Indian sites fared better in USFDA inspections in recent years, says IPA | Company News


Revised Schedule M implementation is going to be “instrumental” in elevating quality of pharma manufacturing in India as it tries to meet and exceed international standards, felt leading pharma firms.


Meanwhile, there has been a notable improvement in India’s performance when it comes to US FDA inspection outcomes, data shared by the Indian Pharmaceutical Alliance (IPA) suggested. 


The share of Official Action Indicated (OAI) status issued after an USFDA inspection for Indian sites has fallen from 26 per cent in 2014 to 13 per cent in 2023. In comparison, the share of OAI in total USFDA inspections has risen from 7 per cent in 2014 to 15 per cent in 2023, thereby indicating more stringency. 


Indian pharma accounts for 20 per cent of the global exports of generics by volume and is thus considered a pharma powerhouse. It supplies 47 per cent of US generic medicines demand. 


The IPA represents the top 23 research driven pharma companies in India. 


It also revealed while Indian pharma companies have improved data integrity and observations, gaps between practices and written procedures have increased from 19 per cent to 23 per cent, gaps in facilities and ancillary infrastructure maintenance have risen from 17 per cent to 23 per cent, and incomplete investigations have grown from 12 per cent to 15 per cent. 


It is batting for improving quality. 


There has been a reduction in essential cGMP capability-related training, expertise-related observations, lab controls, and core manufacturing process-related observations, each seeing a decrease of around 3 per cent since 2014.


This improvement is attributed to better talent acquisition and more thorough documentation and reporting, spurred by increased US FDA quality benchmarks and a focus on infrastructure-related areas that were previously unexamined. While acknowledging the rise in inspections and observations, the IPA representatives stressed their commitment to transparency and collaboration with the USFDA.


The IPA also feels that Revised Schedule M implementation is key to ensuring quality standards across the board. 


Sudarshan Jain, secretary general of the IPA said, “Schedule M will be instrumental in elevating the quality of pharmaceutical manufacturing in India. It aligns with the goal to meet and exceed international standards, ensuring the safety and efficacy.”


With an aim to bring better compliance with quality standards, the Ministry of Health and Family Welfare (MoHFW) notified the revised rules under Schedule M of the Drugs and Cosmetics Rules, 1945, in the Gazette of India in January. Schedule M prescribes the good manufacturing practices (GMP) for pharmaceutical products.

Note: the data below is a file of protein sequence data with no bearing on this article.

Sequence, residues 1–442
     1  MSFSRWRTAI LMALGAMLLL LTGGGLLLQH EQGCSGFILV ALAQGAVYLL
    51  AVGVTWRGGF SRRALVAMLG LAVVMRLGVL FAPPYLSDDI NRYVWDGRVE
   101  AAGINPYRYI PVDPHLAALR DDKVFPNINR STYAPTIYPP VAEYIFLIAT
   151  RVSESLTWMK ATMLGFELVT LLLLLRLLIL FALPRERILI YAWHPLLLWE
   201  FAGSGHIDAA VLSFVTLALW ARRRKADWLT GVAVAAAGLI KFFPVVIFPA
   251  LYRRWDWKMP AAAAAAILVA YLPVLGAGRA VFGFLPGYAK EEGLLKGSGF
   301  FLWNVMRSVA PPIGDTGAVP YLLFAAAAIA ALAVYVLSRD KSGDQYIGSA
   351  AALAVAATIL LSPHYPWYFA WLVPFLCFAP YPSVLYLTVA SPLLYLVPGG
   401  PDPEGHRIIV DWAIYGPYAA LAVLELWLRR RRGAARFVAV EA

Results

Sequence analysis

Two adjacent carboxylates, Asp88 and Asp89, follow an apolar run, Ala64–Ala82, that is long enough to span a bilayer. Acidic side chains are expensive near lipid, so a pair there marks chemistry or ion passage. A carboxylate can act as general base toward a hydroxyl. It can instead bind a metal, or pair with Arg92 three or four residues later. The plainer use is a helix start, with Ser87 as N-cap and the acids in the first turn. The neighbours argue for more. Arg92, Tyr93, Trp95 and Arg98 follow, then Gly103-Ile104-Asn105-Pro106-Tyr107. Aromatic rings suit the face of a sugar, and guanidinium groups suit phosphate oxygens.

The way forward for achieving quality and manufacturing excellence involves several key initiatives.


First, there is a commitment to quality excellence, with that the foundation for the Pharma Academy for Global Excellence (PAGE) is being set up to build talent in the pharma industry with a focus on fostering a “culture of quality.”


This program will target various levels, from shop floor workers to CXOs and graduates, with a focus on aseptic, oral solids, and quality, in collaboration with Parenteral Drug Association (PDA) and ISPE (International Society for Pharmaceutical Engineering (ISPE), and will be based in Ahmedabad and Hyderabad.


Another initiative is the establishment of the US-India Affordable Medicine Partnership, aimed at creating a diversified and resilient supply chain for APIs Active Pharmaceutical Ingredients (APIs) and Key Starting Materials (KSMs), bolstering national security and health outcomes in the US, India, and allied nations, and driving investments in pharma manufacturing that prioritise health security, sustainability, and high-quality outputs. Lastly, India is steering towards membership in Pharmaceutical Inspection Cooperation Scheme (PIC/S) and International Council for Harmonisation (ICH), with a roadmap to achieve full membership within 5-6 years.


Other key issues which were discussed included the impact of employee reductions on larger companies and the pressures of competitive pricing in the generic drug market. One pressing question is whether a quality-based metric could realign the industry and restore balance amid these pressures. 


The IPA outlined key areas for pharmaceutical companies to prioritise, emphasising the importance of rigorous quality controls, improved regulatory practices, and the need for standardised global practices to address discrepancies in regulatory expectations. The industry is also advocating for the production of nutraceuticals, provided stringent quality standards are maintained to prevent cross-contamination. 




 

First Published: Jun 26 2024 | 10:49 PM IST


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